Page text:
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The man who killed 4-year-old Dakota Wright in a 2016 Hanover hit-and-run had no reaction to the emotional words of her parents during his sentencing hearing.

Tony Shower Jr. appeared in York County Court on Friday, Jan. 3, to be sentenced on the crimes of accidents involving death or personal injury/hit and run and driving under the influence of a controlled substance.

Jurors found him guilty Nov. 22, the third anniversary of Dakota's death.

At the urging of first assistant district attorney Tim Barker, presiding Common Pleas Judge Michael E. Bortner sentenced Shower, 35, of Hanover, to a total of six to 15 years in state prison.

Barker noted that Shower in the past has violated his probation, showed "inadequate or poor" participation in the county's veterans treatment court and twice received write-ups for misconduct in York County Prison. He even showed up to a treatment court graduation while intoxicated, Barker said.

Shower — who maintains his innocence — has an extensive criminal history coupled with "a pattern of selfishness, a pattern of failure to conform his conduct" to societal standards, Barker told the judge, adding that rehabilitation on Shower's part doesn't seem to be likely.

Public defender Eric Wayne White said his client was abused as a child, then abused drugs and alcohol both during and after his military service.

Grieving family: Ginger Wright spoke in court, describing her daughter as "the most amazing smart little girl" who will never get to attend school, or graduate or have her first kiss. She was spunky and a ray of sunshine, her mother said.

"All she ever wanted was to go to school," Ginger Wright said. "Dakota had great potential."

Dakota would regularly ask her parents and older siblings, "How many more sleeps until school?" with sleeps meaning nights, according to one of her sisters, Natalie Meckley.

"Dakota had a twinkle in her eyes that was always there," Meckley told the judge. "Her personality was as bright as the sun. ... She never got the opportunity to dream of her future."

"There's not a day goes by that I don't think of Dakota," her father, Josh Wright, said in court.

He told Judge Bortner that Dakota was fun-loving, intelligent and loved animals — and not just furry, cuddly ones. She was a fan of snakes and spiders too, he said.

'No remorse': Shower took "everything she would have been" and has shown no remorse for it, Josh Wright said — a sentiment shared by Ginger Wright.

Shower "ran like a coward for two years" after the crash and until police arrested him, Josh Wright said, and therefore deserved the maximum possible sentence.

Shower spoke in court as well, insisting that "I have a lot of remorse."

He then spoke at length about himself and his struggles.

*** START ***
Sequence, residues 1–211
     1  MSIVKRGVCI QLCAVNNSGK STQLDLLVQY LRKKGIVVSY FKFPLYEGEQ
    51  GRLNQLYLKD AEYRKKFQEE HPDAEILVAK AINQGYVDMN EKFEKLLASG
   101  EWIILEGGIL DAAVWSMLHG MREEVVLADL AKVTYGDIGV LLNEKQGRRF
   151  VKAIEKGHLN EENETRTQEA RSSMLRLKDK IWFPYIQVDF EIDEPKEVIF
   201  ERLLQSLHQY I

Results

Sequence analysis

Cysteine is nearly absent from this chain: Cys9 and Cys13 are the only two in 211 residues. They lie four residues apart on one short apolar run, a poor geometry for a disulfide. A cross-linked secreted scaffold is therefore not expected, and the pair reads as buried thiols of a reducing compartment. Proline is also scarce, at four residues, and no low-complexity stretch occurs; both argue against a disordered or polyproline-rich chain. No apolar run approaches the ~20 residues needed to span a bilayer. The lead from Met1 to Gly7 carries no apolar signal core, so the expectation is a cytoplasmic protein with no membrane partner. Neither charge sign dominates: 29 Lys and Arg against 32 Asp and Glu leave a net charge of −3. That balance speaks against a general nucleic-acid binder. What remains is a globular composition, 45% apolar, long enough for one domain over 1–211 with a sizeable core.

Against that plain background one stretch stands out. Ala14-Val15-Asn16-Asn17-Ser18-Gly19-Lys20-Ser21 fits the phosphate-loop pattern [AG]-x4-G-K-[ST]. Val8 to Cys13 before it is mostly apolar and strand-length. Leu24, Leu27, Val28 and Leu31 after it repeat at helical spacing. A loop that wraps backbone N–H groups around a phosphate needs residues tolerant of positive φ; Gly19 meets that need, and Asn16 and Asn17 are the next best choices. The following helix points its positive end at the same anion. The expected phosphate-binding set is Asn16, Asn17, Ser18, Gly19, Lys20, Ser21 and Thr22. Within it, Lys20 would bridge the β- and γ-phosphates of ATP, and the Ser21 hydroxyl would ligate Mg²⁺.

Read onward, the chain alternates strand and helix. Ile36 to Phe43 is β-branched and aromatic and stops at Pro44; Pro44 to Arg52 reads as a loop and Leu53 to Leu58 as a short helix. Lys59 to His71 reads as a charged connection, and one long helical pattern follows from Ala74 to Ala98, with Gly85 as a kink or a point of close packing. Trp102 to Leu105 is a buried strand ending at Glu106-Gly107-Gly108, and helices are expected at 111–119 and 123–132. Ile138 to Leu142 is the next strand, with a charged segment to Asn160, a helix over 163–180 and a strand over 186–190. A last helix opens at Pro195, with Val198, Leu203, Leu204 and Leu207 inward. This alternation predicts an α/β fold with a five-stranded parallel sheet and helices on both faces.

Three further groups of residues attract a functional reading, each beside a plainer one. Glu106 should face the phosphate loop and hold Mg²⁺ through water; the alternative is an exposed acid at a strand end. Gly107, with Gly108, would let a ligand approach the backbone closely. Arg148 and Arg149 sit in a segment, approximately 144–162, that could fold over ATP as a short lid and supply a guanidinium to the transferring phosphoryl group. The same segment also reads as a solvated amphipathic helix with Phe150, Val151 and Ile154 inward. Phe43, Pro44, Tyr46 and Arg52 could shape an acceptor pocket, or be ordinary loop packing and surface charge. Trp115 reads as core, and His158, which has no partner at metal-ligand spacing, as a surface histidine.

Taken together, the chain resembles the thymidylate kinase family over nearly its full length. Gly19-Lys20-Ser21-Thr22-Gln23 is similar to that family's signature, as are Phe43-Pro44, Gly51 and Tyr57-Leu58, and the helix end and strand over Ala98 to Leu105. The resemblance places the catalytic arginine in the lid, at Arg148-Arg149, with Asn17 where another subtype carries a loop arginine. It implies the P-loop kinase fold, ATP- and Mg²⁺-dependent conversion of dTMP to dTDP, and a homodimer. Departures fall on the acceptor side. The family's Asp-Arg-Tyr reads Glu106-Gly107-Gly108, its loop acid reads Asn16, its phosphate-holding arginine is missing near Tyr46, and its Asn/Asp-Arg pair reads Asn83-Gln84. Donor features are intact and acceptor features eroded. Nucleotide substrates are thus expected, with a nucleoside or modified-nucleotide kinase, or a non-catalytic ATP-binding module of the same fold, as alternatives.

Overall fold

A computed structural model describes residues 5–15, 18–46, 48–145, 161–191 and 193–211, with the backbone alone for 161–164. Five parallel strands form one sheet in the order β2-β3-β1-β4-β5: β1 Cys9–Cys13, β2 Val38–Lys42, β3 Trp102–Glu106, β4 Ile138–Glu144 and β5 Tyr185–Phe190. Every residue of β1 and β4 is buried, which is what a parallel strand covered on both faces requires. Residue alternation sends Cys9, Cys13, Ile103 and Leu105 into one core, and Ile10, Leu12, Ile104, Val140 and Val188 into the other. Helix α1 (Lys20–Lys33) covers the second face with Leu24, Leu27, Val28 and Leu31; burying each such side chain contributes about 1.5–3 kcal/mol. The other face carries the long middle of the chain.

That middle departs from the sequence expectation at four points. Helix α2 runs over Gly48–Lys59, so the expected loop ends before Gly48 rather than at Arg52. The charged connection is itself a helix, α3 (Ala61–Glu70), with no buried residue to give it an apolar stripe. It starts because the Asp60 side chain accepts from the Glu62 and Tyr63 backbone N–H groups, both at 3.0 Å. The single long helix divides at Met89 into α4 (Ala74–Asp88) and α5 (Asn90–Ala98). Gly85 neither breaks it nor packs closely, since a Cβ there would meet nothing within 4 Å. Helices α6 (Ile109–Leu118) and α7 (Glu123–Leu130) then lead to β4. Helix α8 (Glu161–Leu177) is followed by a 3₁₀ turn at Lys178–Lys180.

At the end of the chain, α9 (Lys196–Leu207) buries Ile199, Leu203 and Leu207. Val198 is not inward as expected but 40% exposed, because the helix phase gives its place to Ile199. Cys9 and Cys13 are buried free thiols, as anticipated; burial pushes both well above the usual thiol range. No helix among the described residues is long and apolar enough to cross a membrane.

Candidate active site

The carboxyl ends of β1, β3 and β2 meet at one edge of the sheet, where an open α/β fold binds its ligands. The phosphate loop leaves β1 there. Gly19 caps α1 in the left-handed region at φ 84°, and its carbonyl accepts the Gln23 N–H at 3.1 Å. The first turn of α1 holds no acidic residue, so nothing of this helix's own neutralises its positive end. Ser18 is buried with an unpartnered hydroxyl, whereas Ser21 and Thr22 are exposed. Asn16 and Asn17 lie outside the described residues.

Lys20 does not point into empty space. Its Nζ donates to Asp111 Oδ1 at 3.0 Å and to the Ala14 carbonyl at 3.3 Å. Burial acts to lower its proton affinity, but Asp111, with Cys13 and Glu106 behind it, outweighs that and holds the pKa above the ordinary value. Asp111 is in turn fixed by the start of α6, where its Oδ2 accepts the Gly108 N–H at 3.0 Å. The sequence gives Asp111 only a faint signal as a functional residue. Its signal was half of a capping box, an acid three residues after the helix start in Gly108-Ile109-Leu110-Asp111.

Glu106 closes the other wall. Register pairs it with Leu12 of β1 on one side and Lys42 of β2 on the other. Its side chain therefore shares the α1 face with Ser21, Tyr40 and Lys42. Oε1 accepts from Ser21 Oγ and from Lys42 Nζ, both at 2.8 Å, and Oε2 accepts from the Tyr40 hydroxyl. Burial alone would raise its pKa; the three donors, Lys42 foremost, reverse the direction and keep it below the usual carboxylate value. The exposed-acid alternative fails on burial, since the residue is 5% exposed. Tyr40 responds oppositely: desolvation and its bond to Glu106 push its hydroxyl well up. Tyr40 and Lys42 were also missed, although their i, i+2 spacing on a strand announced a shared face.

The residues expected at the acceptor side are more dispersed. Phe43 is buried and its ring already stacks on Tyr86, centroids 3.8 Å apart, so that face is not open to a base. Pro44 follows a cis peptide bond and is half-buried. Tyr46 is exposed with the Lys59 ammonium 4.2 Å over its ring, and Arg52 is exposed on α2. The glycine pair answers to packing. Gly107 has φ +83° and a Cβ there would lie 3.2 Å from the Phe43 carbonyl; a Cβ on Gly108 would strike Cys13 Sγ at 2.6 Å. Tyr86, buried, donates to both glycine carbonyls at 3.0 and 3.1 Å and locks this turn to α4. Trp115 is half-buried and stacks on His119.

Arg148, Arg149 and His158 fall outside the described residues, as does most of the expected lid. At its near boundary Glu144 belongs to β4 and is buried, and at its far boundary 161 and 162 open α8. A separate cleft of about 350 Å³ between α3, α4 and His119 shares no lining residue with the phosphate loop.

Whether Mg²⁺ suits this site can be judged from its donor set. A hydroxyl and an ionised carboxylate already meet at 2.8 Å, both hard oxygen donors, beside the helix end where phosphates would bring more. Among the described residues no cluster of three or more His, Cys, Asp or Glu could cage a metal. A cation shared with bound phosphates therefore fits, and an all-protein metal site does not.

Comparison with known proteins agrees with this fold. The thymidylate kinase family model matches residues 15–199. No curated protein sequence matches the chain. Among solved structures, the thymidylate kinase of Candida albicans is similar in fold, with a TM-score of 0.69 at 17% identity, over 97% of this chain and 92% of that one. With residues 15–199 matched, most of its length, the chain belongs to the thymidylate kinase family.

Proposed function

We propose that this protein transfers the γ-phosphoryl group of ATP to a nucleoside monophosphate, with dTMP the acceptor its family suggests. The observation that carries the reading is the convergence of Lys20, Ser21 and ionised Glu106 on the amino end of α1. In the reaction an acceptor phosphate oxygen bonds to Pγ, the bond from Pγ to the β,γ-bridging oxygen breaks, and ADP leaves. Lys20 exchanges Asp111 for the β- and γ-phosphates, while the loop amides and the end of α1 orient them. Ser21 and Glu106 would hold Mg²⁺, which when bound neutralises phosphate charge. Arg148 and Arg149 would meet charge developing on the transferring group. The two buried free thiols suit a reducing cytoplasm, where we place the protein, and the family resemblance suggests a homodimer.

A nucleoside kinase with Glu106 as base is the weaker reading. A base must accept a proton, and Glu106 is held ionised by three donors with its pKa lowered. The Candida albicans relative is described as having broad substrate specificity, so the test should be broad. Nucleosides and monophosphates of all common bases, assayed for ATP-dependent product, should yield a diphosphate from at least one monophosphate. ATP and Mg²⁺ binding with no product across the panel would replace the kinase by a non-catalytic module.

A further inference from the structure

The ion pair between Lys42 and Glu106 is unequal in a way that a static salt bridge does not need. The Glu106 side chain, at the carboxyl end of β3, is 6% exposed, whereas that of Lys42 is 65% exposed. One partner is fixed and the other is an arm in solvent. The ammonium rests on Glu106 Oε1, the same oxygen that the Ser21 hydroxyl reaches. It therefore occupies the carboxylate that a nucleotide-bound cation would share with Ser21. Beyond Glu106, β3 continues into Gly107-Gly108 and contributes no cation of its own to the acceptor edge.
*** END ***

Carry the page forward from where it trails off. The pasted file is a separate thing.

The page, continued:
"I still don't know what it is to be a productive member of society," Shower told Bortner.

The background: The hit-and-run charge is a second-degree felony that carries a mandatory minimum sentence of three to six years in state prison and a maximum of five to 10 years, Barker has said.

Dakota, who lived in the 200 block of Princess Street in Hanover, had arrived home with Meckley at 7:09 p.m. Nov. 22, 2016, when she was fatally struck by a hit-and-run van in the road, trial testimony revealed.

The van, which was going about 22 mph, never slowed before hitting her and didn't slow afterward, according to Barker.

Prosecutors' trial evidence included the fact that DNA from blond hairs embedded in the headlight assembly of a white utility van matched the maternal DNA lineage of Dakota's family and that the zipper pull on her My Little Pony jacket scratched the van's bumper.

Barker also maintains that evidence shows Dakota's jacket left a clothing transfer on one of the van's tie rods.

Smoked crack all day: The van was owned by a friend of Shower's, Stephen Gambal III, who testified he and Shower had been driving around all day prior to the hit-and-run, smoking crack cocaine. Shower also did heroin, Gambal told jurors.

Gambal testified that about 7 p.m., he waited in the parking lot of a local bar while Shower drove Gambal's van to go buy more drugs. When Shower returned about 20 minutes later, he told Gambal to take over driving again, according to Gambal.

Officers from two different police departments separately pulled over the van, since 911 had broadcast a description of it. The first officers ended up letting the van go because Gambal appeared sober and, in the dark, officers were unable to see any damage related to the hit-and-run, according to testimony.

The second time the van was pulled over, Gambal was alone in the van. By that time, he had dropped off Shower and had smoked more crack cocaine, he testified.

West Manheim Township Police arrested Gambal on suspicion of driving under the influence of alcohol and impounded the van. When it was examined in a lighted garage, the blond hairs and damage were found, testimony revealed.

Blames buddy: Shower didn't take the stand at trial, but he gave three separate interviews to police in which he eventually admitted that he and Gambal had been smoking crack all day.

After initially denying any knowledge of the hit-and-run, Shower claimed he was sleeping in the passenger seat of the van when he felt or heard a thud, and that Gambal said, "I think I just hit a kid," according to police testimony. Shower told investigators he fell back asleep after hearing that.

A neighbor of Dakota's also heard the thud and watched the van drive past, according to testimony.

He told police he was sure the driver was the only person in the van and gave a description of the driver that sounded nothing like Gambal but was a good description of Shower.

— Reach senior crime reporter Liz Evans Scolforo at levans@yorkdispatch.com or on Twitter at @LizScolforoYD.

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